Soleimani’s 2nd Death
The late Quds Force commander Maj. Gen. Qasem Soleimani. (Sayyed Shahab-o-din Vajedi/Creative Commons)

Soleimani’s 2nd Death

Asharq Al-Awsat, London, October 14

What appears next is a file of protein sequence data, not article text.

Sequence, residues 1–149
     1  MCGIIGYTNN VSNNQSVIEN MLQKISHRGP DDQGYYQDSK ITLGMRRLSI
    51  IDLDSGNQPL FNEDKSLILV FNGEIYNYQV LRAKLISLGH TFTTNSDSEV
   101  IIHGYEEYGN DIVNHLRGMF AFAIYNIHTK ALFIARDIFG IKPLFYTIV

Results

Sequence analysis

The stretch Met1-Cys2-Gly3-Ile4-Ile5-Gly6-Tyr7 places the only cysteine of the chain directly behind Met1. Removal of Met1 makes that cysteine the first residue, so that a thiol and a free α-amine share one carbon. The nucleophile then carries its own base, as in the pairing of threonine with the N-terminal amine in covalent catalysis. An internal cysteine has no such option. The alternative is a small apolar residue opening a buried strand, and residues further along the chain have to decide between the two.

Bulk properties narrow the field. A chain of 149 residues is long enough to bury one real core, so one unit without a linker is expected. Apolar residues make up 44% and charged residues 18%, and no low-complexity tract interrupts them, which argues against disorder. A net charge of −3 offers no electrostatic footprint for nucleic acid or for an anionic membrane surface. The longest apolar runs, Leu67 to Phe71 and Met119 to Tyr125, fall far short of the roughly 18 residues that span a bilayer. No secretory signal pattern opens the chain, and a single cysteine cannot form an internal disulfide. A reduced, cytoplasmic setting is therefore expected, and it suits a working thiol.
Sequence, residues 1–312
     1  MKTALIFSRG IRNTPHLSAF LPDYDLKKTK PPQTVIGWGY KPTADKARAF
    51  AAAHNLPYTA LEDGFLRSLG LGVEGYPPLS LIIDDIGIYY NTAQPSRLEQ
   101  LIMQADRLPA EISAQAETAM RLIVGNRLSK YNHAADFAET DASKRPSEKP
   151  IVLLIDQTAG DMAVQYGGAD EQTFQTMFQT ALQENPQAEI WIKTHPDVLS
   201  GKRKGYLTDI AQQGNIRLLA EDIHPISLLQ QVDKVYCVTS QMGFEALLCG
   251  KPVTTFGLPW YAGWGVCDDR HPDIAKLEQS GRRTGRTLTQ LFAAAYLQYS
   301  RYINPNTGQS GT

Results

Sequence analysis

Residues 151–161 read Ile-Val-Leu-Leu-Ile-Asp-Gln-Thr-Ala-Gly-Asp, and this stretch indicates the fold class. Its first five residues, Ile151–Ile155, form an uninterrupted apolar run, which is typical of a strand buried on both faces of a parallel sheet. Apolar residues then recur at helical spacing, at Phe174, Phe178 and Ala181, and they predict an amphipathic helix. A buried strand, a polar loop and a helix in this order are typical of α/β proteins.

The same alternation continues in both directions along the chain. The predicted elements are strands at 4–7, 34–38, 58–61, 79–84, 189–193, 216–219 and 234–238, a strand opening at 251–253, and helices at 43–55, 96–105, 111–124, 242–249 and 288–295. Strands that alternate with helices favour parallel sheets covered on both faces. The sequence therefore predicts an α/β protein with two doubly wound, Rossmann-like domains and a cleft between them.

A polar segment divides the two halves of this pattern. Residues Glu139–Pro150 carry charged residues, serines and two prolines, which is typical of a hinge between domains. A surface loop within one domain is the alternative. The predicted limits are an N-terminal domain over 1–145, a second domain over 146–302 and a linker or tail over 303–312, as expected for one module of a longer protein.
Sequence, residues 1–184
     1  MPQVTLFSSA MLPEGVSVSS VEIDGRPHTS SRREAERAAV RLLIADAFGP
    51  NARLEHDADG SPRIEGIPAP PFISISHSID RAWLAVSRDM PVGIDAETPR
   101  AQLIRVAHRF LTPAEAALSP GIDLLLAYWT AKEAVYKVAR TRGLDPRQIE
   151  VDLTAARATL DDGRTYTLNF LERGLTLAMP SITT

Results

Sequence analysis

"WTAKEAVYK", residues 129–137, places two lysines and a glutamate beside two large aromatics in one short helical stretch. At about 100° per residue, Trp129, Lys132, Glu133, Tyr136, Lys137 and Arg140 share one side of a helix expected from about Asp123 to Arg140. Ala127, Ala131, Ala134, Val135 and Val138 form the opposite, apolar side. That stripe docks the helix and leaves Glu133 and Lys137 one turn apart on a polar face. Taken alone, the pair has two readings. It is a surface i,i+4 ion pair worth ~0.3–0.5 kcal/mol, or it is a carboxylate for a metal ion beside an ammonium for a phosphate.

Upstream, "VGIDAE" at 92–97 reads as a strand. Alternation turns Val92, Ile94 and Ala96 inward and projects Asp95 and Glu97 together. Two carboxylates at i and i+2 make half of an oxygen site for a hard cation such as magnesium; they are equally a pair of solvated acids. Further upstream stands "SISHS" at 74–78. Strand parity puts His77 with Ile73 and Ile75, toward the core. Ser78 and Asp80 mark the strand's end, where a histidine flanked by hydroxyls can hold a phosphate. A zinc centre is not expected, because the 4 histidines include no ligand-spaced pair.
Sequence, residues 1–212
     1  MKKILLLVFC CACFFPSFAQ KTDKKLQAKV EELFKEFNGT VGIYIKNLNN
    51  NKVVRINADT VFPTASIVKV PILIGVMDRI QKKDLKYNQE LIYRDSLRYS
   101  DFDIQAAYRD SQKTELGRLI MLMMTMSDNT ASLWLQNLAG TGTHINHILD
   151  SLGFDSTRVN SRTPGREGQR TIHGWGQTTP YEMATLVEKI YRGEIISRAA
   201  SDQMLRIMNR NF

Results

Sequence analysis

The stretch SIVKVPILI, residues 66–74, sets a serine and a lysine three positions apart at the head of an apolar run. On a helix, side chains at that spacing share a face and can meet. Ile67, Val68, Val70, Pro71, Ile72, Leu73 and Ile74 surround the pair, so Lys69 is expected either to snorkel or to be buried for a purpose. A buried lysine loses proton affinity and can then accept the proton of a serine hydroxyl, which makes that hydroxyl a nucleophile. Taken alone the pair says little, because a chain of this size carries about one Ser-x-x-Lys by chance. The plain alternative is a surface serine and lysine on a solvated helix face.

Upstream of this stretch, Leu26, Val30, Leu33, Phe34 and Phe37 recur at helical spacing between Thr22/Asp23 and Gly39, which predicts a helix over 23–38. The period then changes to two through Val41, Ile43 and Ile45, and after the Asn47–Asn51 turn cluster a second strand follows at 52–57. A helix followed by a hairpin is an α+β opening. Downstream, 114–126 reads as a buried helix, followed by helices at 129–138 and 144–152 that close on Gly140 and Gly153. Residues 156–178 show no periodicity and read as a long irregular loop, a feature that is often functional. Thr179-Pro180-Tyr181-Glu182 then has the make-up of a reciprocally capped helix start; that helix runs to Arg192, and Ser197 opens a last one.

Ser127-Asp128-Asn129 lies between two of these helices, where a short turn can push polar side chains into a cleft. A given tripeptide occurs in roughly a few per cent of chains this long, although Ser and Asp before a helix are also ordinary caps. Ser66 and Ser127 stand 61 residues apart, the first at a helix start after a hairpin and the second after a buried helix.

Well done, Iraq! This was the phrase that came to my mind following the successful conclusion of the largest general elections in Iraq, which took place without a single incident. This congratulations seemed worthy for several reasons. First, the elections – the fifth since Iraq’s liberation in 2003 – reveal that, despite the political setbacks experienced by the people of Iraq, the process of transition to democracy is still very much alive and underway. These elections also reaffirmed the invaluable consensus that had been reached among Iraqis from across the political spectrum on the idea that winning and assuming power is legitimate only through democratic elections. The era of winning or losing power through rebellions, military coups, street riots, foreign invasions or assassinations are over in Iraq for good. Since parliament is the only channel for exercising the powers of the people, the results of the elections will determine who will serve as president and prime minister. Moreover, due to a system of proportional representation, no one sect, party or group can win a monopoly over all state institutions. In a country that has suffered for decades from a brutal single-party system, elections today have the healing power of unity in diversity. Indeed, the fact that elections were held in and of itself is a cause for celebration. To be sure, major players, including some foreign actors and political barons drunk from power, did everything they could to prevent these elections. For months, the official media in the Islamic Republic of Iran opposed holding early elections in Iraq. And when it became clear that the electoral process was still going to take place, Tehran began working to influence its outcome. The supreme leader, Ayatollah Ali Khamenei, provided $200 million from the National Emergency Fund to enable the Quds Force, Tehran’s foreign legion that operates in many countries in the region, to restore its Iraqi proxies to power. The media in Tehran described the Iraqi elections as “Qasem Soleimani’s elections,” in an implicit indication that Iraqi voters will vindicate the death of the general by voting heavily for his local agents. Since Iraqis living abroad could not vote this time, the Quds Force organized daily trips for an unknown number of dual nationals living in Iran, some of whom have lived in Iran for decades, to vote for Quds Force candidates. However, as the results revealed, the performance of Tehran’s electoral agents was worse than anyone could have imagined. It is worth noting here that the militia-dominated bloc led by Hadi Al-Amiri lost 35 of its 50 seats. The biggest winner was from the Shiite side, the splinter Muqtada Al-Sadr bloc, which called for limiting the possession of weapons to the state only. In other words, the people voted to disband the militias controlled by Iran. And, over the past few days, Iranian media outlets have been trying to find some solace in the fact that former Prime Minister Nouri al-Maliki has managed to stay in the game, describing it as a victory for “the path of martyr Soleimani.” Yet Maliki, while always close to the Iranian Revolutionary Guards, was never a Soleimani patron, simply because General Soleimani was intolerant to anyone with a sense of self-esteem. On the other hand, we find that Soleimani’s ideal servant is Hassan Nasrallah, the leader of Hizbullah, who, according to General Soleimani’s only lengthy interview, “would not have drunk water without consulting with us.” In an effort to reduce the impact of the Iraqi elections, the Iranian official media also focused on the issue of “low voter turnout.” Indeed, the last election attracted only 43 percent of registered voters, a point or two lower than the previous one. However, the official media in Tehran quickly abandoned this topic, as it reminded people of a lower voter turnout during the recent Iranian presidential elections. Moreover, the recent Iraqi elections have had other interesting features. This is the first election of its kind to be held in 83 districts, instead of 18 major districts. The new rule allows voters to elect individual candidates, rather than lists provided by party coalitions. The use of biometric cards also helped prevent organized fraud. The fact that a large number of candidates, some 3,500, competed for the 329 seats underscores the continuing appeal of the democratic process to a growing segment of Iraqi citizens. Among those who participated in the elections were the largest number recorded to date of young activists, women and independent individuals. It is clear that a new generation of Iraqi politicians is taking shape. The fact that the young activists, who represented street protesters before the COVID-19 crisis, won more than 8% of the seats may indicate the emergence of new trends in Iraqi politics. The findings also indicate a faster exclusion of the former exiles and dual nationals who until recently dominated the political scene in Baghdad. Last week, Iranian media described the Iraqi elections as “the first test for General Esmail Qaani,” the lackluster bureaucrat who replaced the ostentatious Soleimani. Well, Qaani came out with the loss he deserved. As for Soleimani, who was assassinated in Baghdad, his ghost is now witnessing death for the second time in a row. – Amir Taheri (translated by Asaf Zilberfarb)

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